Academic journal article The Journal of Negro Education

Parental Monitoring and Adolescents' Sense of Responsibility for Their Own Learning: An Examination of Sex Differences

Academic journal article The Journal of Negro Education

Parental Monitoring and Adolescents' Sense of Responsibility for Their Own Learning: An Examination of Sex Differences

Article excerpt

In this study, the Children's Hassles Scale, the Life Events Record, the Intellectual Achievement Responsibility Scale, and the Hare Self-Esteem Scale were used as measures to examine the monitoring processes of parents and their effects on the attitudes and experiences of sixth-, seventh-, and eighth-grade African American inner-city adolescents (N = 498). Parental influence was found to be significant in the career and goal aspirations of the adolescents, despite adolescents' reports of feeling "hassled" by parents. Parental monitoring activities, reported as "hassles" by youth, and the adolescents' self-efficacy were positive indicators of learning responsibility. The study also measured the differences in perceptions between the sexes for the adolescents studied.

INTRODUCTION

Adolescents tend to be quite sensitive to the persuasiveness of peers and the general influence of popular culture (i.e., fashion, music). However, the impact of parents is not lost. Research has shown that during adolescence, the quality and even the affective nature of the relationship between parents and children may change, but the influence of parents remains (Gjerde, 1986; Hooper & Hooper, in press). Relationships may become strained as adolescents negotiate the challenge of relinquishing parental ties and childhood identifications while still maintaining the continuity of parental and familial alliances. Parent-child relationships themselves may become stressors that exacerbate the already challenging physical, social, emotional, and cognitive transitions of adolescence. Simmons, Burgeson, Carlton-Ford, and Blyth (1987) report that adolescents exhibit greater difficulties affecting their self-esteem, academic grade point average, and participation in extracurricular activities when several stressors exist during a transitional period (i.e., puberty) or accompany a particular experience (ire., divorce) in a critical area of their life. Such stressors include changing schools, physical maturation, residential moves, and changes in family and interpersonal relations. Adolescence may be further complicated for urban African American youths because many of these young people struggle not only with the normative developmental tasks of adolescence but also with the stresses associated with chronic and unaddressed poverty and its correlates.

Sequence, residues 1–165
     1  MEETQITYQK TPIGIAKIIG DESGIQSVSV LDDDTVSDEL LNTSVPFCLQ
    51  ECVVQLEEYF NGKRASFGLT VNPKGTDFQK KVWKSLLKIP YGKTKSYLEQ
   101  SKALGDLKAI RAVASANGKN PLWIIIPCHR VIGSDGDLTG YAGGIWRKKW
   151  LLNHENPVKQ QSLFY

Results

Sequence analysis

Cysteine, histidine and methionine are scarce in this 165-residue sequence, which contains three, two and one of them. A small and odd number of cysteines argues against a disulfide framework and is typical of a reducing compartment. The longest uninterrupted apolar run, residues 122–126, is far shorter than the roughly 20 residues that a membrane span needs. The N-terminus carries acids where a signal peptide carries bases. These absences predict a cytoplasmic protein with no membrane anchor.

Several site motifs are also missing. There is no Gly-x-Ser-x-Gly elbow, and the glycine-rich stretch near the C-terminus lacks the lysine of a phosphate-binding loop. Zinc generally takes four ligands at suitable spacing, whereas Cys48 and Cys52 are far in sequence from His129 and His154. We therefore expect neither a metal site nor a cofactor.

The very process of negotiating independence from parents is a critical psychosocial task adolescents must achieve in order to become autonomous, self-sufficient, productive, and competent adults (Steinberg, 1987, 1988). The ethnographic work of Jarrett (1995) suggests that for many African American children, social mobility is promoted by a number of factors including the presence of a supportive adult network, restricted family-community interactions, and stringent parental monitoring. The latter of these is the focus of the present study.

Stringent parental monitoring strategies include parents' efforts to closely observe, supervise, and regulate how and where their adolescents spend their time, who their friends are, and other aspects of these young people's lives. They represent an attempt on the part of parents to minimize the risks their teenagers might face in neighborhood, school, and other settings, and to maximize their exposure to local and extralocal opportunities. Interestingly, adolescents can exhibit differential responses to such monitoring. It may be viewed and experienced as a protective measure by some adolescents and as a "hassle" or a stressor by others. Moreover, because specific sex-role expectations for instrumentality and independence remain traditional American values, parental monitoring may be perceived differently by gender. It may also follow different predictive pathways for academic achievement and orientation to school and learning.

Irrespective of gender, adolescents develop adaptive coping strategies that are based upon their perceived experiences of stress. …

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